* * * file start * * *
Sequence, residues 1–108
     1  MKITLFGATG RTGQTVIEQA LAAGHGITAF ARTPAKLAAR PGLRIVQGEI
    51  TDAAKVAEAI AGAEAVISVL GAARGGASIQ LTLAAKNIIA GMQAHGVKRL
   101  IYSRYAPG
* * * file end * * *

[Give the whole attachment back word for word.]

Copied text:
Sequence, residues 1–108
     1  MKITLFGATG RTGQTVIEQA LAAGHGITAF ARTPAKLAAR PGLRIVQGEI
    51  TDAAKVAEAI AGAEAVISVL GAARGGASIQ LTLAAKNIIA GMQAHGVKRL
   101  IYSRYAPG